Final days to provide feedback on the Emergency Care and Treatment Plan (ECTP)

The Resuscitation Council’s (UK) consultation on the Emergency Care and Treatment Plan (ECTP) closes on Monday. The Resuscitation Council (UK) is giving health professionals the opportunity to provide feedback on the concept of the ECTP and its supporting documents via a survey on their website.

The purpose of an ECTP is to record a summary of decisions about what care and treatment a patient would or would not want to receive, if their health deteriorates and they are unable to make those choices at the time.

The decisions recorded on the form can provide immediate information to guide health professionals who are looking after a patient in an emergency. They may not have met the patient before and may not know full details of the patient’s usual state of health or their wishes. Those professionals may include doctors, nurses and ambulance paramedics. They may be looking after the patient at home, in a hospital, in other places such as a nursing home or hospices, or during a journey by ambulance.

The ECTP aims to ensure that patients receive the best possible treatment for their individual situation. It cannot be used to request or demand treatments that will not be beneficial to them.

This consultation offers paramedics and other pre-hospital professionals an excellent opportunity to voice their views on the ECTP and help shape its future direction. I therefore implore you to take a moment over the next few days to fill in the survey.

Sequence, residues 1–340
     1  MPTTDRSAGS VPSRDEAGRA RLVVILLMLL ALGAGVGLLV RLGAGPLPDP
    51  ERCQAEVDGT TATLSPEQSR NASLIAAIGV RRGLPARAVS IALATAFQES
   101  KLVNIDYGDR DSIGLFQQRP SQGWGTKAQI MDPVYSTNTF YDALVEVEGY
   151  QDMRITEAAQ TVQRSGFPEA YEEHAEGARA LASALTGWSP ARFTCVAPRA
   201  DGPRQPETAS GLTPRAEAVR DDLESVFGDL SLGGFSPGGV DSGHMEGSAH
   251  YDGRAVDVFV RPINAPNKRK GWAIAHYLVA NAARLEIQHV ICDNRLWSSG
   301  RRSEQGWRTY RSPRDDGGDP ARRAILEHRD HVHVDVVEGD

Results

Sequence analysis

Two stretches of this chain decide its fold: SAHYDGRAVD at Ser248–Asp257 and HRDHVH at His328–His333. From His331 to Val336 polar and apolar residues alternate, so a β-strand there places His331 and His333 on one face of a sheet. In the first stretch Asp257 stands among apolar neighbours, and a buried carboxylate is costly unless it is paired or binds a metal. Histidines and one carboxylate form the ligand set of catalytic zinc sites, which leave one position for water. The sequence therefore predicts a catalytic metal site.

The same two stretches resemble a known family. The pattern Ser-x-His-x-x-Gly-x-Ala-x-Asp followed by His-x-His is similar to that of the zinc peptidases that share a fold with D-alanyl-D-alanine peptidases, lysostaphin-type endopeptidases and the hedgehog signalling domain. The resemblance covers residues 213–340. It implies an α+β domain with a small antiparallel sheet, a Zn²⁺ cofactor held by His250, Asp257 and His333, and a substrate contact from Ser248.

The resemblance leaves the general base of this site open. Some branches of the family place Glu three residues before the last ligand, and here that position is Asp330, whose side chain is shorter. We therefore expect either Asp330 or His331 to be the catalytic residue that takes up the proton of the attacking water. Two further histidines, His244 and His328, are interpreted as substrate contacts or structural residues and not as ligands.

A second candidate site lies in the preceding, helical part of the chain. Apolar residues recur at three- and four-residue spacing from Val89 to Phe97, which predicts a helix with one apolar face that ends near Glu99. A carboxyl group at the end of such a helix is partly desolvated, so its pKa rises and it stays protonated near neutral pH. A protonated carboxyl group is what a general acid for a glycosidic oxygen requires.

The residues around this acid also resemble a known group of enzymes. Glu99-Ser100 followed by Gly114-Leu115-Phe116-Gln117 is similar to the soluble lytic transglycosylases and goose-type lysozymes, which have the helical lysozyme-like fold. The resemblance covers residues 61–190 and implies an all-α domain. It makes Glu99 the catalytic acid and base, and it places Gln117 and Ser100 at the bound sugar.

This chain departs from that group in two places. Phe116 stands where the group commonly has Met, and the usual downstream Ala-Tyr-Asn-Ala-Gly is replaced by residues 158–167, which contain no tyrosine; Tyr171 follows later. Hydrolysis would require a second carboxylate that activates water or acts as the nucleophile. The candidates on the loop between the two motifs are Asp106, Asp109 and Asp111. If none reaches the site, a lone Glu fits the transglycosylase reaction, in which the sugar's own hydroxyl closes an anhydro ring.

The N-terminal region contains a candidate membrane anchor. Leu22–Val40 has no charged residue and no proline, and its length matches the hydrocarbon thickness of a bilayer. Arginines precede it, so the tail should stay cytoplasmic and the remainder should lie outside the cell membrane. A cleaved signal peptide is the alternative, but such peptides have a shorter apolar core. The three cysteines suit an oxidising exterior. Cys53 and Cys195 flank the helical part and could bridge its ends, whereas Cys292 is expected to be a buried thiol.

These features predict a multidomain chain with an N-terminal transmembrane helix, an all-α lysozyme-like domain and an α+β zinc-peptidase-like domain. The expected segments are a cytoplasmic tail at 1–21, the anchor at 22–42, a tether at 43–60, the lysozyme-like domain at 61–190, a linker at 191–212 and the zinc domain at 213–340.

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Using technology to tell stories

TechnologyI have become increasingly interested in how technology can be used by journalists to help tell stories. I believe it is an exciting time for journalism, with smart phones offering an array of powerful tools for journalists in the form of high-definition video, a decent camera and the ability to edit on the move. Mobiles allow a level of intimacy that isn’t possible with a camera crew, not to mention it is the one device that is always on you, thus allowing you to capture events as they unfold with ease.

Previously I have only really used my phone for work to provide live coverage of events on social media platforms such as Twitter. However, I am keen to explore the potential of mobile journalism.

Reading through Journalism, Media and Technology Predictions 2016, a document from the Reuters Institute for the Study of Journalism that looks at some of the technology and upcoming trends within the industry, it is interesting to see where experts anticipate the profession to be heading.

There appears to have been an explosion in the use of 360 video and photos following the introduction of products such as Google cardboard, which effectively turns your mobile device into a means to experience virtual reality (VR). Although this is a very simple way of using VR compared to products such as the Oculus Rift, it has allowed VR to be accessible on a mass scale, due to it only costing a few pounds. The technology is still in its relative infancy, but the possibilities in terms of journalism are obvious, as it allows for a means of immersive storytelling that wasn’t possible before. Organisations such as the BBC and New York Times have already had fantastic results.